Natural Arch and Bridge Society member Ray Millar visited Libya in 2008 and offers this 9-minute video slide show of his trip, which includes a bunch of natural arches on the Akakus Plateau.
Sea Arches of Japan
By Toru Moriyasu
I am a NABS member from Japan and I greatly enjoyed meeting other NABS members at the 2015 NABS Rally in Escalante. Japan is an island country, so there are many sea arches here, and I would like to share some of them. Generally, they are not very large.
NABSQNO 54S-392039-3885693 is an arch rock near Ukishima in Chiba Prefecture. There is a shrine on the Ukishima island next to the arch rock, and we can land there once in a year when a sacred festival is held.
NABSQNO 54S-374119-3888470 is Umanosedoumon in Kanagawa Prefecture. This area is a bathing beach and in summer many people visit here to enjoy swimming. The photo below is the top of this arch. It is prohibited to walk on it.
NABSQNO 54S-295596-3854128 is Meganeccho in Shizuoka Prefecture. It looks like a magnifying glass, or like Godzilla! In the same area there is a famous sea cave, Tensoudou (see below).
NABSQNO 54S-294833-3852422 is another sea arch near Meganeccho and Tensoudou, with me in the foreground.
NABSQNO 54S-295596-3851220 is the sea cave Tensoudou, with a tour boat going under the arch.
NABSQNO 54S-293168-3844185 is Senganmon in Shizuoka Prefecture, in the same area as Meganeccho and Tensoudou. A tour boat goes through this arch.
NABSQNO 53S-686992-3828085 is Hiinosekimon in Aichi Prefecture. It is made of sedimentary rock.
NABSQNO 53S-531185-3727842 is Engetsuto in Wakayama Prefecture. The span of the opening is about 9 meters and the height of the entire rock is 25 meters. This area is a famous tourist resort, with many tourists in high season.
NABSQNO 52S-628231-3736269 is Hanagurise in Fukuoka Prefecture. The height of opening is about 10 meters. The arch is made of basalt.
NABSQNO 52R-385422-2932167 is Manzamou in Okinawa Prefecture. The height of the cliff is about 20 meters.
NABSQNO 51R-730446-2749088 is the arch on Sunayama Beach on Miyakojima Island in Okinawa Prefecture. The sea in this area is especially beautiful.
Azure Window Collapses
Famous Azure Window in Malta collapsed during a storm on March 8, 2017. Not only did the lintel itself collapse, but the entire outer column fell into the sea.
The arch was considered at risk of collapse and walking across the arch was prohibited only last December. And in January, a slab of rock fell off a lateral face of the outer column during high seas.
The spectacular arch was featured in many movies, including Game of Thrones. Some history of partial collapse can be seen in these movies. In the scene below from the 1981 movie Clash of the Titans, the underside of the arch is flat.
In the scene below from the 2002 movie The Count of Monte Christo, it can be seen that the underside of the lintel has fallen to create a more arced shape.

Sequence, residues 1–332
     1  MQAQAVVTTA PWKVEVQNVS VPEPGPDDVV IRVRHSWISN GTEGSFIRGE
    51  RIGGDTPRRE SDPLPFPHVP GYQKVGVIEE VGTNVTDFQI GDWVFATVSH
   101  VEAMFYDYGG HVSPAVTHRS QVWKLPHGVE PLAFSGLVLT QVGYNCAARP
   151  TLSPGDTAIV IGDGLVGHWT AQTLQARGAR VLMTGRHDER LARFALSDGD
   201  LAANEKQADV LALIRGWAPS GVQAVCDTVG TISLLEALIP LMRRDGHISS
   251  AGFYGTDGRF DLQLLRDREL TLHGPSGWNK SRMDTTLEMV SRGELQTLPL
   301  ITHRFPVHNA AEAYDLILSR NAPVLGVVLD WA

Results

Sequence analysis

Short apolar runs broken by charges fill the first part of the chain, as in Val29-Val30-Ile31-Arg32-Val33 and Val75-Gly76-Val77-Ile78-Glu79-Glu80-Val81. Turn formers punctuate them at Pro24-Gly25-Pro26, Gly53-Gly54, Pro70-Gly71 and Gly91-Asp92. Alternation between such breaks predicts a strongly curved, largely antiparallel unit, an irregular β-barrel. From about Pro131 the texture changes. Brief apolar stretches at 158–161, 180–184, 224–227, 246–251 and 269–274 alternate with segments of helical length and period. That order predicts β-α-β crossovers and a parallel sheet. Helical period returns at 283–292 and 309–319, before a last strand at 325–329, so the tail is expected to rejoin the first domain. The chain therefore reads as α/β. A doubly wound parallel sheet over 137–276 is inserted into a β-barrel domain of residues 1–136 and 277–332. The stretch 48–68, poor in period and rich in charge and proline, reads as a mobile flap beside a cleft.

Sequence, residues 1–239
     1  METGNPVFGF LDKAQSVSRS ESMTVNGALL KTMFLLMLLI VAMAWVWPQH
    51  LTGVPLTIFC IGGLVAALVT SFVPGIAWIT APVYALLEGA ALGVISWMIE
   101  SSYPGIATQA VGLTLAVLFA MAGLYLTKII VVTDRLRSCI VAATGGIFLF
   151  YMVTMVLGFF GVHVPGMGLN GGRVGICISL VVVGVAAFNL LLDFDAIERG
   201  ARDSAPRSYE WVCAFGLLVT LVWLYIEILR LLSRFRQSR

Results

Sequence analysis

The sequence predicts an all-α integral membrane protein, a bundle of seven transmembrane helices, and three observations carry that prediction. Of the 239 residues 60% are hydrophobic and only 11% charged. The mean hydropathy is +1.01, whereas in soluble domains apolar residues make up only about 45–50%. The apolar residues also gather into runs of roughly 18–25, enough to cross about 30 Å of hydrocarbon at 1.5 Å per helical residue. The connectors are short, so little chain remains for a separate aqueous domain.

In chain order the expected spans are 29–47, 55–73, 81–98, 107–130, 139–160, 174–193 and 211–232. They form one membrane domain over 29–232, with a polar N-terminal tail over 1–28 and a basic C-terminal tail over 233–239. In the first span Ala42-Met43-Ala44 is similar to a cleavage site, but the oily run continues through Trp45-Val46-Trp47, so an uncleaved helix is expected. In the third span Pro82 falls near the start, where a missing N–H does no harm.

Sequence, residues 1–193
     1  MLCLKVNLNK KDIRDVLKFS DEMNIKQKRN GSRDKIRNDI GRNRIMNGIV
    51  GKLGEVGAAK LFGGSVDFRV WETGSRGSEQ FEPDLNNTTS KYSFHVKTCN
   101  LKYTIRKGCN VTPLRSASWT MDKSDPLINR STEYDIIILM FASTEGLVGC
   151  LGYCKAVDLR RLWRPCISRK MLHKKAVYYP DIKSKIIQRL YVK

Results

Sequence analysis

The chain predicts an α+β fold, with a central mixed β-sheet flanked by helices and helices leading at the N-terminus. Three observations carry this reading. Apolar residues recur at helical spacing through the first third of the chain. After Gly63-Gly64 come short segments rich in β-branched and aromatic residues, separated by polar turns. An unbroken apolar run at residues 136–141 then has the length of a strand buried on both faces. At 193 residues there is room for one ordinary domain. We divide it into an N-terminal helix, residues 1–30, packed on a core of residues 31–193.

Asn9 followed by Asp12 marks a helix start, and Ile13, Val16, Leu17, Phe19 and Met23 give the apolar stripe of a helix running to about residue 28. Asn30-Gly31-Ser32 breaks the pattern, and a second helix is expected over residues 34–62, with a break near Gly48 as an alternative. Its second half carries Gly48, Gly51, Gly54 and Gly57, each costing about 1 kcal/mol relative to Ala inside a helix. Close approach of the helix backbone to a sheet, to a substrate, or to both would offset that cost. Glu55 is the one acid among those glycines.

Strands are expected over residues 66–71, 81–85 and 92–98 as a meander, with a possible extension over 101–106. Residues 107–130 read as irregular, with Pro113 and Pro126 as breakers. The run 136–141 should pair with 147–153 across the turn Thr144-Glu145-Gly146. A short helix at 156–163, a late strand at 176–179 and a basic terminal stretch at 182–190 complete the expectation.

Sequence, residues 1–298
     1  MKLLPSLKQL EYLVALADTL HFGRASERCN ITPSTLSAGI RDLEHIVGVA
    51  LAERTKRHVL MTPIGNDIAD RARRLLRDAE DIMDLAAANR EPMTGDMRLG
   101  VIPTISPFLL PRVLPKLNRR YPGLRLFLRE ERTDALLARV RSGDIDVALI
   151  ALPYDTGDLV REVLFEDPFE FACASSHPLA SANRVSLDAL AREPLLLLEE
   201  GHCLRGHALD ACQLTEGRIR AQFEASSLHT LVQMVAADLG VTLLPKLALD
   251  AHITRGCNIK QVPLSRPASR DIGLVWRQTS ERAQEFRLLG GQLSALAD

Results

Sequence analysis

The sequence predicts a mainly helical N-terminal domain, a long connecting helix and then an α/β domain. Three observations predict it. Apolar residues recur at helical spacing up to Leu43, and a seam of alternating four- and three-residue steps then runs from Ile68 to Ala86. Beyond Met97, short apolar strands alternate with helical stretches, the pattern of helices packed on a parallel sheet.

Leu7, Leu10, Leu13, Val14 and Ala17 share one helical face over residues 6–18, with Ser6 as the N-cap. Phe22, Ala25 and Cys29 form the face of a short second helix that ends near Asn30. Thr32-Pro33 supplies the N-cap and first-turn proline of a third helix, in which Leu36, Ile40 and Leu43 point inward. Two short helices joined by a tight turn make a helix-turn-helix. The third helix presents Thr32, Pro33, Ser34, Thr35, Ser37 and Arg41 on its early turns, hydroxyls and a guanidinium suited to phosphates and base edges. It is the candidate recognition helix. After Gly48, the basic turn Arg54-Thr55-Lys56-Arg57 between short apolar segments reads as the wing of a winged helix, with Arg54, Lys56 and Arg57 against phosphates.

Vultee Arch Update
David Kennedy reports that some NABS website information about Vultee Arch near Sedona in Yavapai County, AZ, was out of date [it was updated accordingly today]. The website had reported that the trail went only to a viewpoint (shown below) and that to access the arch itself required significant bushwhacking.
A hike there Feb. 7, 2017, revealed that a trail now goes up to a point next to the lintel of the arch, where the photo below was taken, so there is no longer any bushwhacking involved. From that point one can get onto the lintel and/or go down behind the arch to get beneath it. It is a steep descent to the lintel which Dave declined to take because the rock was wet at the time.
A GPS reading at the photo vantage point was 12S 429812.28 E 3866826.42 N, very close to that reported on the website.
Vultee Arch from below. All photos courtesy Dave Kennedy.
Chad: The Country and Its Arches
Here is a 16-minute video slide show by Ray Millar:
Valley of Fire Arch Rally
The October 2016 NABS Valley of Fire Arch Rally in Nevada was, as usual, filled with fun and camaraderie. Presented here is a slide show of photos taken by NABS President Larry Beck. Click on any image to start the slide show. The title of each image in the slide show provides the UTM WGS84 coordinates (the NABSQNO number) in zone 11S, and where present the name and catalog number of the arch. Catalog numbers refer to the Arch Hunter Books Valley of Fire series (available to NABS members).
Portland Head Lighthouse Arch, Maine
By Nick Terzakis
Maine is not known for natural arches but there were four small ones reported in the Journal of Natural Arch Discoveries.
This October, Pat and I drove up the Maine coast stopping at some nice lighthouses. At the Portland Head Lighthouse in South Portland, ME you can see Portland Head Lighthouse Arch (ME-4), which is just south of the lighthouse.